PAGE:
After teleportation and laser beams, invisibility cloaks have long been one of the biggest dreams of science, but just like the first two, they are not that simple to achieve in the real world. However, after Japan’s impressive 2009 attempt, scientists in California have made some even nicer advancements in the field of invisibility.
The new invisibility cloak is ultra-thin and is sprinkled with microscopic gold rectangles. Once the cloak is molded over the human body or any other object for that matter, could render it nearly untraceable to the eye. The research paper was published in the journal Science this week.
The team of researchers claims that their new discovery will bring the idea of invisibility one step closer to reality. They have made experiments involving small objects so far, and they are confident that the technology could be soon applied on larger objects. The technology could have many possible applications, including military use.
According to the scientists, the cloack will only be 80nm thick and it can be wrapped around any object, regardless of its amount of bumps and spines. The invisible cloak’s surface would reflect light waves from any direction, therefore the object will succesfully be undetectable by the human eye. Xiang Zhang, professor at the University of California, Berkeley said that it would take about 5 to 10 years for the technology to reach a practical phase.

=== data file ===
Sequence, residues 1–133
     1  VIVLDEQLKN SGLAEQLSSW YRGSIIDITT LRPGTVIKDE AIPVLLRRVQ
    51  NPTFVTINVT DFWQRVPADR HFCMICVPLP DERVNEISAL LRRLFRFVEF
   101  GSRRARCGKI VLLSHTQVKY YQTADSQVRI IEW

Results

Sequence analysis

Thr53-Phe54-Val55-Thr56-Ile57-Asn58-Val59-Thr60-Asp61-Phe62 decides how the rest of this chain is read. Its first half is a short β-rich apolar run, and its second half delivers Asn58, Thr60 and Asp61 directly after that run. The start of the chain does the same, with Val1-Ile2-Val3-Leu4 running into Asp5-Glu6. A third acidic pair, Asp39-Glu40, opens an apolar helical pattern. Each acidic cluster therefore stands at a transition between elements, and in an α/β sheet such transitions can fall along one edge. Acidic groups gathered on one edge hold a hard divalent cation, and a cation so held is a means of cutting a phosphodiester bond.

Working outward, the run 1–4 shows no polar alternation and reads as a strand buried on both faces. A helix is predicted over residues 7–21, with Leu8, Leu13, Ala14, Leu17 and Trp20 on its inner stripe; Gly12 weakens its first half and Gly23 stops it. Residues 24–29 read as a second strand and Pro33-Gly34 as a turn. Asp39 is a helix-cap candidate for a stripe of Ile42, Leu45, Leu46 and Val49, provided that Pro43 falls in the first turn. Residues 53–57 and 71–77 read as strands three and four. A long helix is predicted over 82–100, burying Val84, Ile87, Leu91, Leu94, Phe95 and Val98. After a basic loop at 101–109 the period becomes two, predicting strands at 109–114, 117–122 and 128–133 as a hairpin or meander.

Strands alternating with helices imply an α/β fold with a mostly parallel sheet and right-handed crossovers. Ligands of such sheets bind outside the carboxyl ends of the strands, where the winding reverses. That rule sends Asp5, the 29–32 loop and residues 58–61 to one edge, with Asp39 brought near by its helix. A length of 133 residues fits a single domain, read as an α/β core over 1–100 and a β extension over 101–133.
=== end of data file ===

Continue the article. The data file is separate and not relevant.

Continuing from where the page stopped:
Professor Zhang said that they haven’t encountered any potential obstacles in their way until now, but he and his team believe much more work is needed in order to perfect the technology.
Zhang said that the invisibility cloak is made of meta-materials, which are materials that possess properties that are not present in nature. The microscopic rectangular gold particles are in fact smaller than the size of light waves. These gold rectangles have the property of rerouting incoming light waves away from the object they are covering. Think of billions of tiny flat mirrors that reflect every ray of light back to their original direction, rendering the object invisible.
The invisibility cloak could also be adjusted to make flat surfaces appearing curved, or the opposite, said the study’s author, professor Xingjie Ni. He added that the technology could make large objects such as airplanes and tanks invisible, and even more impressive, soldiers.
It sure sounds like the great quest of making the coolest stuff from sci-fi movies is coming to life, doesn’t it?
Photo Credits geograph